Tavi Gevinson is this generation’s Alpha Teen.
At age 17, she’s the editor-in-chief of Rookie Magazine, an online publication aimed at teenage girls that focuses on pop culture, fashion, feminism and everything in between. Last year, Michael Schulman wrote a 2,400-word feature on Gevinson and her throngs of followers for the New York Times. She is far from the first teenager to command the spotlight at such a young age, but unlike most of her prodigious peers, she has done so without recording an album, starring in a movie or excelling at a sport.
So, when someone like Gevinson tweets to her 166,000+ followers she’s over Facebook, it should signal a DEFCON 1-level of concern in Silicon Valley.
I figured out how to delete yr Facebook since "deactivate" really just means sign out: DELETE ALL FRIENDS. No going back.
You’re probably thinking, Why do you, a 28-year-old dude, follow Tavi Gevinson on Twitter? (At least I hope that is what you are thinking.) I can explain. On Twitter, I follow exactly 450 accounts. Some belong to friends and colleagues, but most belong to people, brands and outlets I find interesting, including Gevinson.
Twitter is where I get my news, where I find inspiration, where I connect with total strangers.
Facebook is just sort of where I corral the people I know or have met a time or two. On Facebook, I maybe interact with a handful of people on a regular basis.
But on Twitter? That’s where I share links to articles that have blown my head clean off my shoulders. That’s where I tune in for real-time news reporting. That’s where I connect and make lunch plans with people whose work and ideas inspire me. That’s where I share photos and video of what I’m up to, if only to share an update in a way that’s more descriptive than my best 140 characters.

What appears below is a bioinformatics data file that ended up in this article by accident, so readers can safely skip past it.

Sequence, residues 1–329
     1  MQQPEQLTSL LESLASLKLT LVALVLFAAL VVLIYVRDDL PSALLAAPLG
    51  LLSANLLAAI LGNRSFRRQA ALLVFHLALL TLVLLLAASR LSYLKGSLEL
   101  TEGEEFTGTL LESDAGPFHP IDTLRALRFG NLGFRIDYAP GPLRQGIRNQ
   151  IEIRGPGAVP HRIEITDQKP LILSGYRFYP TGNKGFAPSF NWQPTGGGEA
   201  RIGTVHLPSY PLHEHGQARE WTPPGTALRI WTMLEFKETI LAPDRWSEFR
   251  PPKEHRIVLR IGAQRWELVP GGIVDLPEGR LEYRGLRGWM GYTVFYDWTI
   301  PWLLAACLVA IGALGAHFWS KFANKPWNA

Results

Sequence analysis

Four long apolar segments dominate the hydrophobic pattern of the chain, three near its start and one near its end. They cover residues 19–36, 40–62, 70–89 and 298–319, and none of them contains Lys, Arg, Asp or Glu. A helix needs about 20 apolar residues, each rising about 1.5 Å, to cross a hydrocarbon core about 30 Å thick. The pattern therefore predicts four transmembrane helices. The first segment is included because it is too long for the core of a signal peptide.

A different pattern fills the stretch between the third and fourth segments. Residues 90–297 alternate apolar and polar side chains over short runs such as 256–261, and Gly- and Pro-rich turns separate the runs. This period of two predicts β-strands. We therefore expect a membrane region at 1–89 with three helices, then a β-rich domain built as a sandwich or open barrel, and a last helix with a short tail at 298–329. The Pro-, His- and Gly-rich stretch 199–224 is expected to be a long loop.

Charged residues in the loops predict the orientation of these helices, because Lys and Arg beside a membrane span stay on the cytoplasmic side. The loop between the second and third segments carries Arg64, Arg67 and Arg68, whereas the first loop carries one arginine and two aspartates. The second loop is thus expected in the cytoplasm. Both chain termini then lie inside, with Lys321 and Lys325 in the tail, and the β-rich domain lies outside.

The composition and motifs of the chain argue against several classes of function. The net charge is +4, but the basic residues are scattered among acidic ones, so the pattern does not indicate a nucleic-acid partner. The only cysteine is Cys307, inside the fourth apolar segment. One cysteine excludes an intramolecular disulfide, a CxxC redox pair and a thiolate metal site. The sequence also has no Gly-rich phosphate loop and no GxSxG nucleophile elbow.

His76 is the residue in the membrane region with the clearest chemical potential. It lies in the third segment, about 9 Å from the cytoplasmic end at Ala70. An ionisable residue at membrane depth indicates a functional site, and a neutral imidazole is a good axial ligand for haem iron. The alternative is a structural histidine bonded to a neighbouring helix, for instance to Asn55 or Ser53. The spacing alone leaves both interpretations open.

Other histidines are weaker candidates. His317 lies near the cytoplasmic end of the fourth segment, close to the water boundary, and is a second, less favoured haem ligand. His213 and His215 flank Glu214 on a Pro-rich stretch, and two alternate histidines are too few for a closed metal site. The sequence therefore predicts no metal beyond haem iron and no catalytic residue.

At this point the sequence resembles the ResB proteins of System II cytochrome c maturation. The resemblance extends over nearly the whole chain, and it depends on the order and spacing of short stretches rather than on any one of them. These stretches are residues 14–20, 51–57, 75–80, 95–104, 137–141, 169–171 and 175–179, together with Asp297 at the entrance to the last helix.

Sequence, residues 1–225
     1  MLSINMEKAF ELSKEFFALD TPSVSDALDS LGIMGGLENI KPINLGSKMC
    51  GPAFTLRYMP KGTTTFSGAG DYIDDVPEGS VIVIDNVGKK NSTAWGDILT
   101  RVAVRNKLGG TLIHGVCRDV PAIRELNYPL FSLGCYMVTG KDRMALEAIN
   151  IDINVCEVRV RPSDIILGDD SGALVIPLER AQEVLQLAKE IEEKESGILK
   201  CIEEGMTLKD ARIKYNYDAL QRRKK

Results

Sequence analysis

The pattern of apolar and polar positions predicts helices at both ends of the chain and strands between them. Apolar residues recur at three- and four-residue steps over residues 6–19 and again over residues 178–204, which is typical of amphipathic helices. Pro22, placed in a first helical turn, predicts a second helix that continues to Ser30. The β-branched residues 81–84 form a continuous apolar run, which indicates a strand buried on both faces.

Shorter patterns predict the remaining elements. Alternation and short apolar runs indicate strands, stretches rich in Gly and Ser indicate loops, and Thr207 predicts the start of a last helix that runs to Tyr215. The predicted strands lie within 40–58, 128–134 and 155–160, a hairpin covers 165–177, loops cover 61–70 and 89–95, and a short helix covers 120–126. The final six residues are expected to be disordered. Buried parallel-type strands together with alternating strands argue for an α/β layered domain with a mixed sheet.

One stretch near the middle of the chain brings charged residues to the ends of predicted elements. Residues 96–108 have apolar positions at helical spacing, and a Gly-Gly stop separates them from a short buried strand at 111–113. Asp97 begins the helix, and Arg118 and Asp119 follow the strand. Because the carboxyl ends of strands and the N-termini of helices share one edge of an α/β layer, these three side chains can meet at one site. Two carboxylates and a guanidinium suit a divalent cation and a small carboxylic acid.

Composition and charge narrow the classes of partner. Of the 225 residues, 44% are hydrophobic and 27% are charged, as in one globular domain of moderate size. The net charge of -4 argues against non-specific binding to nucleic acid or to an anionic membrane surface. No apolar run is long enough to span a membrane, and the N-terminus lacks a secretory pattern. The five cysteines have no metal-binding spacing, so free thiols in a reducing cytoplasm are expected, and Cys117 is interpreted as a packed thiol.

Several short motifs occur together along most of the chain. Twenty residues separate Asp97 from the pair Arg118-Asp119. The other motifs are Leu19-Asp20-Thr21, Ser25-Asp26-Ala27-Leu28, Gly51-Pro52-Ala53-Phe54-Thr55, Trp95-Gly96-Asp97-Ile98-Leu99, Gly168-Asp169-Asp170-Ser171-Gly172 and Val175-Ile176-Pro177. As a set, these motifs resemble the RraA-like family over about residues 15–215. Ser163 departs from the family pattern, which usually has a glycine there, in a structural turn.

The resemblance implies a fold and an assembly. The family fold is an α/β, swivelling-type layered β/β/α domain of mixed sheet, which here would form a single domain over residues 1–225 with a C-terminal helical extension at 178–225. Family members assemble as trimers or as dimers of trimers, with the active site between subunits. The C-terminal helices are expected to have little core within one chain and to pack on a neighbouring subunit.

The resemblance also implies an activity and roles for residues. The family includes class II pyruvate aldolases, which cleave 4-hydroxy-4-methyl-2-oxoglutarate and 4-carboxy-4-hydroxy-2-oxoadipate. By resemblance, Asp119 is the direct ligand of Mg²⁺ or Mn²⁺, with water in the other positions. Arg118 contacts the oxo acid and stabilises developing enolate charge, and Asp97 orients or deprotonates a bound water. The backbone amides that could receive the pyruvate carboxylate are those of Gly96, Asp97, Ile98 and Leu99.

Gevinson isn’t the only teen who has lost interest in Facebook. In May, results from a Pew Research Center study of 802 teenagers found many were tired of the Facebook experience, but were hesitant to leave altogether in fear they may miss something:
“In focus groups, many teens expressed waning enthusiasm for Facebook. They dislike the increasing number of adults on the site, get annoyed when their Facebook friends share inane details, and are drained by the “drama” that they described as happening frequently on the site. The stress of needing to manage their reputation on Facebook also contributes to the lack of enthusiasm. Nevertheless, the site is still where a large amount of socializing takes place, and teens feel they need to stay on Facebook in order to not miss out.”
The study also found more teenagers are flocking to Twitter:
“Twitter draws a far smaller crowd than Facebook for teens, but its use is rising. One in four online teens uses Twitter in some way. While overall use of social networking sites among teens has hovered around 80%, Twitter grew in popularity; 24% of online teens use Twitter, up from 16% in 2011 and 8% the first time we asked this question in late 2009.”
I can’t get inside the minds of a demographic that has made Justin Bieber and Miley Cyrus its idols, but I do get the sense teenagers also prefer Twitter over Facebook for its minimalist layout and superior user experience in the mobile app realm. And while Facebook’s batty algorithms limit the number of posts users actually see from their friends and the brands they follow, every user’s Twitter feed features everything posted by everyone the user follows all of the time.
Think of it this way: What if Facebook was a daily newspaper? (Not a stretch considering it used to be these place where we’d get the latest updates from friends, family and colleagues.) If Facebook was a newspaper, would it only arrive on your front porch sporadically? Would it only include a small percentage of the stories written by its editorial staff? Would sections like sports or business be left out of certain editions with no pattern or regularity? This is what Facebook is like as a social network right now — and it sucks.
If Tavi Gevinson and a growing number of teens are losing interest in Facebook, one can only assume its end is near.